Book:Oswald Veblen/Projective Geometry/Volume 1

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Oswald Veblen and John Wesley Young: Projective Geometry, Volume $\text { 1 }$

Published $\text {1910}$, Ginn and Company

Subject Matter


1. Undefined elements and unproved propositions
2. Consistency, categoricalness, independence. Example of a mathematical science
3. Ideal elements in geometry
4. Consistency of the notion of points, lines, and plane at infinity
5. Projective and metric geometry

CHAPTER $\text {I}$. theorems of alignment and the principle of duality
6. The assumption of alignment
7. The plane
8. The first assumption of alignment
9. The three-space
10. The remaining assumptions of extension for a space of three dimensions
11. The principle of duality
12. The theorems of alignment for a space of $n$ dimensions

CHAPTER $\text {II}$. projection, section, perspectivity, elementary configurations
13. Projection, section, perspectivity
14. The complete $n$-point, etc.
15. Configurations
16. The Desargues configuration
17. Perspective tetrahedra
18. The quadrangle-quadrilateral configuration
19. The fundamental theorem on quadrangular sets
20. Additional remarks concerning the Desargues configuation

CHAPTER $\text {III}$. projectivities of the primitive geometric forms of one, two, and three dimensions
21. The nine primitive geometric forms
22. Perspectivity and projectivity
23. The projectivity of one-dimensional primitive forms
24. General theory of correspondence. Symbolic treatment
25. The notion of a group
26. Groups of correspondences. Invariant elements and figures
27. Group properties of projectivities
28. Projective transformations of two-dimensional forms
29. Projective collineations of three-dimensional forms

CHAPTER $\text {IV}$. harmonic constructions and the fundamental theorem of projective geometry
30. The projectivity of quadrangular sets
31. Harmonic sets
32. Nets of rationality on a line
33. Nets of rationality in the plane
34. Nets of rationality in space
35. The fundamental theorem of projectivity
36. The configuration of Pappus. Mutually inscribed and circumscribed triangles
37. Construction of projectivities on one-dimensional forms
38. Involutions
39. Axis and center of homology
40. Types of collineations in the plane

CHAPTER $\text {V}$. conic sections
41. Definitions. Pascal's and Brianchon's theorems
42. Tangents. Points of contact
43. The tangents to a point conic form a line conic
44. The polar system of a conic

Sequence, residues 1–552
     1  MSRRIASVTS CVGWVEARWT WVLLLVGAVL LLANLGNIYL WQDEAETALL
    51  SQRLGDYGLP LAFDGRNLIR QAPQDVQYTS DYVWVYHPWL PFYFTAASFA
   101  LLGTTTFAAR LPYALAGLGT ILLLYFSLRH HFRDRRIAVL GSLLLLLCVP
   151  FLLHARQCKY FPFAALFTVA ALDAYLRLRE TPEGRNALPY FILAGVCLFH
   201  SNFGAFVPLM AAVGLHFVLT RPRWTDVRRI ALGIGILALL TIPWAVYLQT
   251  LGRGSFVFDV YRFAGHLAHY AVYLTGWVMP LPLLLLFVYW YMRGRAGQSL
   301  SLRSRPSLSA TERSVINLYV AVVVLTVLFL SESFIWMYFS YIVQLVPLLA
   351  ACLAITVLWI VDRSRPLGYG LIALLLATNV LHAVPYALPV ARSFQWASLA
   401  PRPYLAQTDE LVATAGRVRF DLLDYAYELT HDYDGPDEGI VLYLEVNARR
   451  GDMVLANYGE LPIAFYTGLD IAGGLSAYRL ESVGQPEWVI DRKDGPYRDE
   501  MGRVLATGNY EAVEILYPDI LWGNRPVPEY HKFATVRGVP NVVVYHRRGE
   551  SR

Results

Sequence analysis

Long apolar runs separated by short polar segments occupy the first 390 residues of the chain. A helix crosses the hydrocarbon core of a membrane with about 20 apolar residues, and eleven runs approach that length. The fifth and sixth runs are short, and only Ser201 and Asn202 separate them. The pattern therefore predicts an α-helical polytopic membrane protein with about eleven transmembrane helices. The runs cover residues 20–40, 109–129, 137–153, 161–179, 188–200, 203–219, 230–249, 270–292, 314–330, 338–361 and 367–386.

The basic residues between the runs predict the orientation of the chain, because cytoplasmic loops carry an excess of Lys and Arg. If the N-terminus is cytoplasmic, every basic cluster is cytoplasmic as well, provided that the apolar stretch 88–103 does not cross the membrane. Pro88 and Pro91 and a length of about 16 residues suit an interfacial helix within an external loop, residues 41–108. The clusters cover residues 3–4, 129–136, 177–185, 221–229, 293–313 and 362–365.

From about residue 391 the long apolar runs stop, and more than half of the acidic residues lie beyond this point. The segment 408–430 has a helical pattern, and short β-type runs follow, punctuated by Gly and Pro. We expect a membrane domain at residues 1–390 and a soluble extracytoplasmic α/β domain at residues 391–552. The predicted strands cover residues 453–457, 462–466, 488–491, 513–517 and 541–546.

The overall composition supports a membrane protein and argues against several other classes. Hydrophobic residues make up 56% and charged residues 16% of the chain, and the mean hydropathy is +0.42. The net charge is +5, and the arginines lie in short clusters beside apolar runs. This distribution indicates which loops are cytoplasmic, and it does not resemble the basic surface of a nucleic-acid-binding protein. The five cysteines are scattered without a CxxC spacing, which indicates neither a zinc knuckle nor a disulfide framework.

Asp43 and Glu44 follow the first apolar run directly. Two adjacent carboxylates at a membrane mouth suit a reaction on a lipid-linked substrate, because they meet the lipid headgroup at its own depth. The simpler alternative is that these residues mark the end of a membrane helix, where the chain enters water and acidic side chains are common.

45. Degenerate conics
46. Desargues's theorem on conics
47. Pencils and ranges of conics. Order of contact

CHAPTER $\text {VI}$. algebra of points and one-dimensional coördinate systems
48. Addition of points
49. Multiplication of points
50. The commutative law for multiplication
51. The inverse operations
52. The abstract concept of a number system. Isomorphism
53. Nonhomogeneous coordinates
54. The analytic expression for a projectivity in a one-dimensional primitive form
55. Von Staudt's algebra of throws
56. The cross ratio
57. Coördinates in a net of rationality on a line
58. Homogeneous coördinates on a line
59. Projective correspondence between the points of two different lines

CHAPTER $\text {VII}$. coördinate systems in two- and three-dimensional forms
60. Nonhomogeneous coördinates in a plane
61. Simultaneous point and line coördinates
62. Condition that a point be on a line
63. Homogeneous coördinates in the plane
64. The line on two points. The point on two lines
65. Pencils of points and lines. Projectivity
66. The equation of a conic
67. Linear transformations in a plane
68. Collineations between two different planes
69. Nonhomogeneous coördinates in space
70. Homogeneous coördinates in space
71. Linear transformations in space
72. Finite spaces

CHAPTER $\text {VIII}$. projectivities in one-dimensional forms
73. Characteristic throw and cross ratio
74. Projective projectivities
75. Groups of projectivities on a line
76. Projective transformations between conics
77. Projectivities on a conic
78. Involutions
79. Involutions associated with a given projectivity
80. Harmonic transformations
81. Scale on a conic
82. Parametric representation of a conic

CHAPTER $\text {IX}$. geometric constructions. invariants
83. The degree of a geometric problem
84. The intersection of a given line with a given conic
85. Improper elements. Proposition $\mathrm K_2$
86. Problems of the second degree
87. Invariants of linear and quadratic binary forms
88. Proposition $\mathrm K_n$
89. Taylor's theorem. Polar forms
90. Invariants and covariants of binary forms
91. Ternary and quaternary forms and their invariants
92. Proof of Proposition $\mathrm K_n$

CHAPTER $\text {X}$. projective transformations of two-dimensional forms
93. Correlations between two-dimensional forms
94. Analytic representation of a correlation between two planes
95. General projective group. Representations by matrices
96. Double points and double lines of a collineation in a plane
97. Double pairs of a correlation
98. Fundamental conic of a polarity in a plane
99. Poles and polars with respect to a conic. Tangents
100. Various definitions of conics
101. Pairs of conics
102. Problems of the third and fourth degree

CHAPTER $\text {XI}$. families of lines
103. The regulus
104. The polar system of a regulus
105. Projective conics
106. Linear dependence on lines
107. The linear congruence
108. The linear complex
109. The Plücker line coördinates
110. Linear families of lines
111. Interpretation of line coördinates as point coördinates in $\mathrm S_5$